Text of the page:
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Thread: 100 amp sub panel load question

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  1. #1
    DIY Junior Member apparentgenius's Avatar
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    May 2008
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    Default 100 amp sub panel load question

    Hi,

    I am wiring my new house and have installed a 200A main panel with 36 slots. This particular panel does not accept double breakers so I am limited to 36 slots. I have installed a 100 amp sub panel in the adjacent stud bay.

    My question is how much can I run on this panel. I would like to put the entire garage/shop area plus the electric furnace on this panel. It would include:
    2 60A circuits for the 20KW furnace
    2 20A circuts for a 3HP Tablesaw and 1 HP dust collector
    1 20A Circuit for the 3/4 HP garage door opener
    1 20 A circuit for the septic system (pump and small compresser)
    1 20 A outlet circuit
    1 15A lighting circuit

    With this configuration I would have 4 slots left in the main panel and could move a few circuits over, but I figure it would be cleanest to arrange things this way.

    Is this too much for the 100A sub?

    Thanks

    Glen

  2. #2
    Plumber in Previous Life sixlashes's Avatar
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    Default

    Even if you don't take into consideration the fan motor in the 20Kw furnace, these two circuits will be drawing 83 amps between themselves while the furnace is running. The math says - leave the furnace out of the subpanel and it will work great.

    Move over a couple of other 15A or 20A circuits to give yourself the room in your main panel. I had to go the route of two 200A sub panels feeding off of a 320 amp meter/main panel combination. It cost a little more, but I have all the room in the world for future expansion.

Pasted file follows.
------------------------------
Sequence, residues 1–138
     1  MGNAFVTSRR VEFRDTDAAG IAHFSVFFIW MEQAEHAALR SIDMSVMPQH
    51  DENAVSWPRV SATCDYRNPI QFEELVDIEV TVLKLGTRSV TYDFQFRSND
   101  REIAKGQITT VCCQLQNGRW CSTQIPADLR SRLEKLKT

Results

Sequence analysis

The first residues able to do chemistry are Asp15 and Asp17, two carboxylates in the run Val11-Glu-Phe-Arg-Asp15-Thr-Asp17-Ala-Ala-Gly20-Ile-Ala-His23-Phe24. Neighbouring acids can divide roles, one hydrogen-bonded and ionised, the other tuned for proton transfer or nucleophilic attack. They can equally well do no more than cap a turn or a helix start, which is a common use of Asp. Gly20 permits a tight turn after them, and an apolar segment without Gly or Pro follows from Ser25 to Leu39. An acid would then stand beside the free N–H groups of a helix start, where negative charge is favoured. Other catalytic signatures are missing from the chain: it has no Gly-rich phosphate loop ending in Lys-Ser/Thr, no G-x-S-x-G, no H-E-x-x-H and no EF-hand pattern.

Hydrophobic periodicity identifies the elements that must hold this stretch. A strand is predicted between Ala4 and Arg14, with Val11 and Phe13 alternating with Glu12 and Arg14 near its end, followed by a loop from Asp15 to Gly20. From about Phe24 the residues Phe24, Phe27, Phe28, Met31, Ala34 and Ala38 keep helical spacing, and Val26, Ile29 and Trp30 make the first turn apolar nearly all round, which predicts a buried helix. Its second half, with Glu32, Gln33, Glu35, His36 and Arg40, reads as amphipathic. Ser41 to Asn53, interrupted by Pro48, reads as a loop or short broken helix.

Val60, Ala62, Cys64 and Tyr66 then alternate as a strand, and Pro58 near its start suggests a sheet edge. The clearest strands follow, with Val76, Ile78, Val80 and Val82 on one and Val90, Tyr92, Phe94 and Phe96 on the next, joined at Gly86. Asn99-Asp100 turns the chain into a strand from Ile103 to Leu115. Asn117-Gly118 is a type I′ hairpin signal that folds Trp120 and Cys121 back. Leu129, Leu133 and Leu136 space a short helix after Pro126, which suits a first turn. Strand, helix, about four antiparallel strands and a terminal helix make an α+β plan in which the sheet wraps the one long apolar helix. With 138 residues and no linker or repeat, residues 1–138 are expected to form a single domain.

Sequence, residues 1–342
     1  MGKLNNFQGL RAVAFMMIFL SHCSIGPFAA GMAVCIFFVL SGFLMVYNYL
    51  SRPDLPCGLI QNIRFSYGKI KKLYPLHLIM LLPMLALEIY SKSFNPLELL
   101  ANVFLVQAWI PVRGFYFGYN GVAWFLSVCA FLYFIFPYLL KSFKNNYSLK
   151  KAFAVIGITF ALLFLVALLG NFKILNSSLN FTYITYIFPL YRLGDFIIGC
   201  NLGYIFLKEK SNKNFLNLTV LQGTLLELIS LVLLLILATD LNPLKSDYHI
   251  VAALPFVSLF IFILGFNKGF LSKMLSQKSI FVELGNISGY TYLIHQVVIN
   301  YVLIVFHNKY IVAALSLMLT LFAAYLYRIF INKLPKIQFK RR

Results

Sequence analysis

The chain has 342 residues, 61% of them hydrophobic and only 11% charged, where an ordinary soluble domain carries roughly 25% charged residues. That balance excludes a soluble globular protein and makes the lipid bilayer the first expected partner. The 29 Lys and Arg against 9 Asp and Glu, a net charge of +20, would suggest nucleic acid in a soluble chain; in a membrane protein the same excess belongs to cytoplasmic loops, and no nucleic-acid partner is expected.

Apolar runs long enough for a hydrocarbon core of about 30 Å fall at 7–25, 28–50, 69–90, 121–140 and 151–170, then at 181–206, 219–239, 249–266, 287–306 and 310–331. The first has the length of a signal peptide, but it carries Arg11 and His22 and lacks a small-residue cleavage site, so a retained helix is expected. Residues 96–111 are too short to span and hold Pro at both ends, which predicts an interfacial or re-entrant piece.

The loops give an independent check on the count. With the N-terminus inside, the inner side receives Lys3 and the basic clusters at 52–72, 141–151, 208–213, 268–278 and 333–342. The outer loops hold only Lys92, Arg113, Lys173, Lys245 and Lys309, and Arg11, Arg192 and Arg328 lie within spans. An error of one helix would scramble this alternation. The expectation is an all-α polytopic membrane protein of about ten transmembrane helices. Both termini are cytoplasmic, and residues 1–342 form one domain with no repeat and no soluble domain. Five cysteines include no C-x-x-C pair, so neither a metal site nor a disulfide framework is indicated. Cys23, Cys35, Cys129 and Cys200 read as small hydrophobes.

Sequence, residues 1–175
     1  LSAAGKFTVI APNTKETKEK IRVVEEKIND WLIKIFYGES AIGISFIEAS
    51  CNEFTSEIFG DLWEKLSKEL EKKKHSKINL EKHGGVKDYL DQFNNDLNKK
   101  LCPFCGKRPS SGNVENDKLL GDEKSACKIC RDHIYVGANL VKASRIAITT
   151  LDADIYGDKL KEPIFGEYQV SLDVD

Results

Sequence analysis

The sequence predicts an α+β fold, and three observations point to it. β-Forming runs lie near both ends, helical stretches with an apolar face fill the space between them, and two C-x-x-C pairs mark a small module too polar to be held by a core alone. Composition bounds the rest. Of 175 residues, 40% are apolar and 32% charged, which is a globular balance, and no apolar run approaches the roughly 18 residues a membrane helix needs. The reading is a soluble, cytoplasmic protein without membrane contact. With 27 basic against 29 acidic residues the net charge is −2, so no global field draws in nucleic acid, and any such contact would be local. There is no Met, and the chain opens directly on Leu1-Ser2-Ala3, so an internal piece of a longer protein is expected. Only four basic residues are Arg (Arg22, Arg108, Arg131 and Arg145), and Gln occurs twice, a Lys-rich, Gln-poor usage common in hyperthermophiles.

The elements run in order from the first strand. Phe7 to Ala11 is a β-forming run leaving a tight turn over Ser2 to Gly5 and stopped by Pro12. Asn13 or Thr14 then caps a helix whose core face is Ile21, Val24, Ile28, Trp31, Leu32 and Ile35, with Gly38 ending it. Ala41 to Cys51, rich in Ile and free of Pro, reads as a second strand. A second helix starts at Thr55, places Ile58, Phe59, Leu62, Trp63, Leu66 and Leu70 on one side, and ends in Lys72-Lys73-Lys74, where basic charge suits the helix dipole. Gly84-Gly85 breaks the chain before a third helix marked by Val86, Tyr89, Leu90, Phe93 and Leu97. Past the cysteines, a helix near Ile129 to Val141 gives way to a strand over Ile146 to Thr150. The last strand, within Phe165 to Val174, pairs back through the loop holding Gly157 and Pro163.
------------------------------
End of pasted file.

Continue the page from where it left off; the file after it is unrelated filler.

3. #3

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    Quote Originally Posted by sixlashes View Post
    Even if you don't take into consideration the fan motor in the 20Kw furnace, these two circuits will be drawing 83 amps between themselves while the furnace is running. The math says - leave the furnace out of the subpanel and it will work great.

    Move over a couple of other 15A or 20A circuits to give yourself the room in your main panel. I had to go the route of two 200A sub panels feeding off of a 320 amp meter/main panel combination. It cost a little more, but I have all the room in the world for future expansion.
    Yes, rather than getting involved in a boring calculation and asking you for more information about the heating unit, just leave the heat in the original panel and you should be fine unless there are some surprises in the main 200amp panel that would require you to upgrade your entire service to a larger one.

    I am seeing more and more 320a continuous services with 2 200amp panels these days and some 400a services with 2 200a panels in residedential areas.
    http://www.inspectpa.com/forum/forum.php
    My answers are based mostly on the ICC codes. Advice given is my personal opinion and every person performing work should acquire a permit from his/her jurisdiction and get the work inspected. My opinions are not directions to follow for DIYs or professionals

  4. #4

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    Is this too much for the 100A sub?
    I say yes.

    Put your furnaces on the 200A panel. Even if they only draw 30 amps, you are still using 60% of your available power.

    Move all the lighting/recep loads to the 100

  5. #5
    DIY Junior Member apparentgenius's Avatar
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    Default

    Thanks for all the help. Looks like I have a little re-arranging to do and I'll be all set.

    glen

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